Today we got a early start which got delayed at the get go. As we were putting the trailer back on Guille’s bike, we noticed part of the hitch was broken and there would be no going forward without repairing it. I happened to be facing the room and noticed that there was a stick welder in the corner with an electrode on it. 15 minutes later it was repaired and likely stronger than the original piece.

We were trying to outrun a storm which was forecasted to bring high winds and rain around 1000hrs. We got to our original destination with heavy winds coming from all directions early and before the storm. We decided to push on an additional 25km. We had a nice tail wind and made good time but not before we got rained on twice. Each time we got rained on, we were dry again within 15 minutes.

As we rolled in to our first potential stop, there was a storm front moving in pretty quickly. It was like a wave that just rolled over itself. Not five minutes after we got in, this video was taken.

The storm is here and we have planted ourselves in the little gas station shop eying anything that can be made into a dinner. I got dibs on the sandwich. Guille got the bag of peanuts.

Day 14-16: #rockovuelveacasa

Day 14: #rockovuelveacasa

We were lucky enough to have skirted the rain storm in Virasorro to Santo Tomé. The forecast had for days of heavy rain. Seems that once we got south a bit, it was just overcast.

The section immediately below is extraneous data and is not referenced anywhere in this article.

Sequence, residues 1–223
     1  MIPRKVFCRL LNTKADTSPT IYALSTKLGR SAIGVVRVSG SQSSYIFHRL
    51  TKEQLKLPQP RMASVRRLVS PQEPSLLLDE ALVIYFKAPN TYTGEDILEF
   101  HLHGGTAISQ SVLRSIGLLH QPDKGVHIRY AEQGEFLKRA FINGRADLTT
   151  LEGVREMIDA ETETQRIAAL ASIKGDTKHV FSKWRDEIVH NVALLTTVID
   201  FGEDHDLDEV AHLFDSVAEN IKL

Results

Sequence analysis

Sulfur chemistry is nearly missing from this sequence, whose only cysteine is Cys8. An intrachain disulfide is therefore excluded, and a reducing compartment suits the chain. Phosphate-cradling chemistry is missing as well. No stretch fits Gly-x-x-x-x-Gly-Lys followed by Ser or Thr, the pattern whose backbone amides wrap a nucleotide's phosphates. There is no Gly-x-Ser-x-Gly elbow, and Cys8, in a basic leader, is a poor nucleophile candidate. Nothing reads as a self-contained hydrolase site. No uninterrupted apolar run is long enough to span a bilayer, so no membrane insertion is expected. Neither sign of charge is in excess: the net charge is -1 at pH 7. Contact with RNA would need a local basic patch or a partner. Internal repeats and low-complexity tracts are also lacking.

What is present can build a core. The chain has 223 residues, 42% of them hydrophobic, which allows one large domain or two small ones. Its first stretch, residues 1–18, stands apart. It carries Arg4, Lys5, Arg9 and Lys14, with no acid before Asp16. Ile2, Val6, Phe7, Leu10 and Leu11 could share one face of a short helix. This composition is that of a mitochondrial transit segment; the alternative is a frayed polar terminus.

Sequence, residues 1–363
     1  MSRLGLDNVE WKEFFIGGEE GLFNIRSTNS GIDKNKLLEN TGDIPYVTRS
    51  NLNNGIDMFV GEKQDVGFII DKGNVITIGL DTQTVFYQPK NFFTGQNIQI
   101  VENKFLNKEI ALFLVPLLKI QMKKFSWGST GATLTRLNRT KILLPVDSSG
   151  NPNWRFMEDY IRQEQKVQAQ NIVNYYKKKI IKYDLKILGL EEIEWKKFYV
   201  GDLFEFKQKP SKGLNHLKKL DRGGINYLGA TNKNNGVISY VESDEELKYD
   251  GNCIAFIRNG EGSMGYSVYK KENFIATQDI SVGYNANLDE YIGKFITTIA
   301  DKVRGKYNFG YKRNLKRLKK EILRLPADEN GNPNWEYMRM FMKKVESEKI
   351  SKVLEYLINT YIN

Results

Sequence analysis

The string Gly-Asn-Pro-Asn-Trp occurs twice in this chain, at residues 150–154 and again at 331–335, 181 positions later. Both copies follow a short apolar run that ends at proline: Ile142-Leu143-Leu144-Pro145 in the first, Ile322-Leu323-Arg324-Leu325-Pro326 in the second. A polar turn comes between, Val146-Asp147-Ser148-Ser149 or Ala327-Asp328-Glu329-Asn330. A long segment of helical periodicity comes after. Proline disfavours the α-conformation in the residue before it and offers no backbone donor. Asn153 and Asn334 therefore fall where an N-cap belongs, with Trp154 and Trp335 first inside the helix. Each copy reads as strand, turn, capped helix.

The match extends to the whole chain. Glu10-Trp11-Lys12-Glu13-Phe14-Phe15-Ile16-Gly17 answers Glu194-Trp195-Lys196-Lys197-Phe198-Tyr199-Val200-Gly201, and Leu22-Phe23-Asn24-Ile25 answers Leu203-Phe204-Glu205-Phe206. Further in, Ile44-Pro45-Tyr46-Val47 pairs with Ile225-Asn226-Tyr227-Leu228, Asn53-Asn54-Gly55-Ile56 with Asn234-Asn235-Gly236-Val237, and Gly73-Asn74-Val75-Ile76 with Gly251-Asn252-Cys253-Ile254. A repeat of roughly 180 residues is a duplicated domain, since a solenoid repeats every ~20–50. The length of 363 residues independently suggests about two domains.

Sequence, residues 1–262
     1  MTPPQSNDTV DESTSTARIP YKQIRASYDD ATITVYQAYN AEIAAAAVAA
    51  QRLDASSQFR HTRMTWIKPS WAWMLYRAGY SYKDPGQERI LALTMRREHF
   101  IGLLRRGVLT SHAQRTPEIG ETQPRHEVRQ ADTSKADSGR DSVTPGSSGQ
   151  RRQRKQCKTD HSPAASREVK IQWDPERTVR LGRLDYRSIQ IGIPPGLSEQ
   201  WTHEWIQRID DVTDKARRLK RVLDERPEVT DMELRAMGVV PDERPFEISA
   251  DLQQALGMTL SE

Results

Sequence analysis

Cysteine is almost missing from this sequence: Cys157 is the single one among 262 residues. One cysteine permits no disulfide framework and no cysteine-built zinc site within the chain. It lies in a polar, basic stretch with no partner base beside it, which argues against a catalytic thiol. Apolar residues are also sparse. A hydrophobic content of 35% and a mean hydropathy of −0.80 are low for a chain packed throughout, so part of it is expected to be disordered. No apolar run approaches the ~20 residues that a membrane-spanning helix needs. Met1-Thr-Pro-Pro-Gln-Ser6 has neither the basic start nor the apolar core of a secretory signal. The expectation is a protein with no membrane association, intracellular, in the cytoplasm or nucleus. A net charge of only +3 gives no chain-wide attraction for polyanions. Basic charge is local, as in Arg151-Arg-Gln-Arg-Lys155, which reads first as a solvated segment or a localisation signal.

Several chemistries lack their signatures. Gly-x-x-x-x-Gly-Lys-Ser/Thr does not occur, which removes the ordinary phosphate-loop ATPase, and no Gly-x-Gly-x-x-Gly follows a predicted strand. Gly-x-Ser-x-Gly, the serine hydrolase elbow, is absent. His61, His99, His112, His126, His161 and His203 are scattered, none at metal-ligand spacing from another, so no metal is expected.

The road from Santo Tomé to Alvear was fairly easy but long – a solitary flat ride through the plains and pantano of 91km. We had a slight tailwind which made pedaling fairly easy.

The solitary nature of the endless plains patched with pine or eucalyptus groves destined for the paper mills was also patched by pantanos. I’m used to quite a bit of road kill in California, but the roadkill of this area was quite the novelty. We passed several yacare or caimán that were leathery carpets on the side of the road ranging in size from one to two meters although they can grow up to three meters – 9 feet. The other novelty roadkill were capybara. I first learned of capybara from one of my favorite childhood books – Capyboppy. I kept an eye out for live ones – alas, I only say dead ones – usually in the inflated Shrek-style ballon form where I wanted to steer clear as they seemed to be at their bursting point – and that would be a real mess.